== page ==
Fashion sense, a sign of mental health


Fashion is an enemy of the environment. I shall not list the statistics, we should all be aware of them and know by now that fashion is the second most polluting industry…writes Sujata Assomull.

I have missed dressing up, just wearing an easy summer dress putting on some mid heels (am not ready for those towering stilettos as yet, and I am not sure if I ever will be again), layering on a few necklaces and pulling out my favourite envelope clutch is such a treat.

Fashion brings joy to many of us, you feel good when you wear something that makes you feel good. As renowned Professor of psychiatry Raphael Bonelli said, “An interest in fashion and personal appearance is a sign of mental health. Psychiatrists are able to infer changes in mood from changes in their patient’s clothing.” It is a scientific fact– fashion is therapeutic!

It is this very feeling that many fashion brands bank on, and it’s the reason ultra-fast fashion has gained such momentum as we come out of lockdowns. Our time at home should have taught us, the never ending trend cycle is putting too much pressure on us and on the earth. It was back in 2015, that Anna Wintour declared that “Trend is an Ugly Word”.

There is no denying that the very nature of fashion is cyclical but the whole process had gone on “speed”. Fashion is an enemy of the environment. I shall not list the statistics, we should all be aware of them and know by now that fashion is the second most polluting industry.

Hopefully, now we understand the need to be more conscious. The never ending cycle was also hard work, keeping up with trends meant your wardrobe always needed an update. It was an exhausting process. But on the flip side is the joy that dressing up brings. So how does one balance them both?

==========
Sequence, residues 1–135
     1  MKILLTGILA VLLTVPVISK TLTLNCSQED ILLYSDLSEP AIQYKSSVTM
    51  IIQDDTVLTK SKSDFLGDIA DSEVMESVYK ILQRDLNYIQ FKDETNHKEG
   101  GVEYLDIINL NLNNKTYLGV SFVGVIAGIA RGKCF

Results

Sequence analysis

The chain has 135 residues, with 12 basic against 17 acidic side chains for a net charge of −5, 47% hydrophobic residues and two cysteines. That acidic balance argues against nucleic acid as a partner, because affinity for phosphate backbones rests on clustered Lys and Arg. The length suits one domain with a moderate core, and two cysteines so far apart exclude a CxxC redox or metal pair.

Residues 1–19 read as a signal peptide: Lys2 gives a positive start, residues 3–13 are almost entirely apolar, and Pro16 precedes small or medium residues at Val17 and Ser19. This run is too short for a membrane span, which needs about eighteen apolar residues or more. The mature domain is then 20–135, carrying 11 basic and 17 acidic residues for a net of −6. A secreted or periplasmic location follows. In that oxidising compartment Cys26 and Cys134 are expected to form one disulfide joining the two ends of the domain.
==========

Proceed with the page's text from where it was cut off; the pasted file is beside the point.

Thirty eight-year-old Delhi based Amrita Thakur is a fashion designer and also fashion influencer says, “I know I will now make smart choices when I shop.” She says during this time she has made develop a penchant for jewellery, and currently has her eyes on a dainty emerald necklace she can wear on a daily basis. “It does seem like you can have a longer partnership with jewellery than a dress.” As a designer, the lockdown made her realise that she needs to have a “seasonless” approach to fashion. “I have missed dressing up but I know I want beautiful things I can wear every day, that do not date. A client does want to buy something, and then find that just a few months later as things are opening up that piece no longer works.”

Sanjana Rishi, 30, a lawyer by training and a well-known conscious clothing advocate, is happy to admit that she loves fashion. “This time has made me aware of what I already own, to cherish the things I have bought already that are in my cupboard. I look forward to wearing them again. They could be pieces from H&M or Zara, but they are pieces I bought and I love, so I cannot wait to wear them again.” Rewearing and Restyling will be her new mantras and one of her top tips is to take dupattas or scarves and turn them into fun tops for the summer.

A strong ‘vocal for local advocate’ any future fashion choices will come from homegrown brands that take a conscious and ethical approach to fashion. “It is important to support our local brands now. Be it a Tarun Tahiliani or a Doodlage.” And says her next buy will be an investment one. “Something that is hand embroidered may be a chikan lehnga, a piece I can wear again and again and that also speaks of this country’s craft heritage. Honestly I cannot wait to dress up again.”

It’s time to ditch the word trend from our fashion vocabulary and perhaps replace it with the word timeless. Not only will this make sure we are more sustainable in our approach to clothing, but it will make our fashion choices more about our personal style than industry diktats.

The writer Sujata Assomull is an IANSlife columnist. Assomull is the author “100 Iconic Bollywood Costumes” and was the Founding Editor In Chief of Harper’s Bazaar, India.

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